ROAD TO PEACEFUL NORDIC RELATIONS
By Uffe Østergaard
Only very few scholars have pointed out the simple fact that contemporary Nordic
co-operation is a consequence of the nation states rather than their alternative. The
basis of co-operation across the national boundaries at the popular level is provided by
the inviolable national sovereignty of the countries involved. Hence the particular
character of the co-operative activity, which is so successful at grassroots level
precisely because it abstains from interfering in the high politics of economics, security
matters and external affairs.
The present Nordic Council, as the former Norwegian minister for Nordic co-operation,
Bjarne Mörk Eidem, rather pointedly has put it, is almost to be understood as an
"executive organ of the Association of Nordic Unity".
However, this also provides us with a definition of what the Nordic Council is not. It is
not a government, but a supplement to the national parliaments, providing advice and
posing critical - and thereby often annoying - questions across national boundaries. The
fact that the parliamentarians of one country in this way are able to pose questions to
the ministers of another is a quite unique state of affairs. At the same time, however, it
is precisely the cross-national nature of the activity that provides the reason why it can
never become supranational or gain legislative character.
This distinctive characteristic has, however, been subject to a gradual erosion following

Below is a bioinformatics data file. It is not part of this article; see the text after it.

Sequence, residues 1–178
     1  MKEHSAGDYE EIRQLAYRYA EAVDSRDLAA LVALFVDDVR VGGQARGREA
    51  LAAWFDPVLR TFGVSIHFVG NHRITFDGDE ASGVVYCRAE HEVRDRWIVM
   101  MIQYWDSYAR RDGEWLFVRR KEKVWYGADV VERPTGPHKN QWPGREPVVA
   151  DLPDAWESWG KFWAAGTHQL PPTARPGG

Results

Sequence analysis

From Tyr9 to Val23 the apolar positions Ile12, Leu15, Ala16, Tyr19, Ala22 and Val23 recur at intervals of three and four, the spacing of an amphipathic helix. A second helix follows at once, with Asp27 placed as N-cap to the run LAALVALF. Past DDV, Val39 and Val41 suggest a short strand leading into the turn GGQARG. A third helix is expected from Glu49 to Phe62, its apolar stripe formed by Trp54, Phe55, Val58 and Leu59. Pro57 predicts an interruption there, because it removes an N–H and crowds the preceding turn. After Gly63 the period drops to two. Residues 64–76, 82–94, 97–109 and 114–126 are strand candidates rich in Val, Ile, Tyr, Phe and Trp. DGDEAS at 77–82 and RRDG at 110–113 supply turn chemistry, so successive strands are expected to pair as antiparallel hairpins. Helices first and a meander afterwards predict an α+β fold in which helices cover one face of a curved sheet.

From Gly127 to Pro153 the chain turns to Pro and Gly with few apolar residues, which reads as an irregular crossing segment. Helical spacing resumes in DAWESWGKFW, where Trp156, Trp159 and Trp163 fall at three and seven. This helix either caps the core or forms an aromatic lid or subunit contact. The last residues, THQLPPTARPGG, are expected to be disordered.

the establishment of the Nordic Council of Ministers in 1971 and of its 1959 predecessor,
the Committee of Nordic Ministers. The Council of Ministers is a far more traditional form
of state co-operation between governments and bureaucracies. Concurrently with increasing
internationalisation there is a need for a reconsideration of the relationship between the
two co-operative organisations lest the special Nordic working relationship be squandered
in deference to an 'effectivisation' that could be better achieved within the stronger
European community. These dilemmas present themselves even more acutely after Sweden's and
Finland's entry into the European Union.
The nation states of today, then, are the configurations through which the common Nordic
identity manifests itself. As these nations have achieved the recognition of the
surrounding world, so too have they come to appear as 'natural' entities. But although
Danes and Swedes have difficulty in appreciating it, equality has not always characterised
the relations among the Nordic states. The Danes and the Swedes preside over the legacy
from two multi-national empires, which for centuries contended for supremacy in Northern
Europe. Or rather, the two states do not explicitly administer this legacy, but act on the
strength of their independent existence. This is to a much lesser extent true of the other
Nordic countries, which for periods have been subject to Swedish and Danish rule
respectively. Hence the insecurity that until recently made Norwegians, Finlanders and
Icelanders assertively emphasise their national character, to the mild astonishment of the
Danes and Swedes at what looked (to us) like gratuitous nationalism.
Now, at the end of the 20th century, it is so long since anyone reigned supreme over
anyone else, that the majority of the Nordic peoples can freely converse on an almost
equal footing. If anything, this fact makes it even more important to recall the real
character of the difficult, and far from inevitable, genesis of the Nordic states. It must
be remembered that the active entities in this history have been states and countries, not
a diffuse Nordic identity.
The writer is Jean Monnet Professor of History, Aarhus University, Denmark.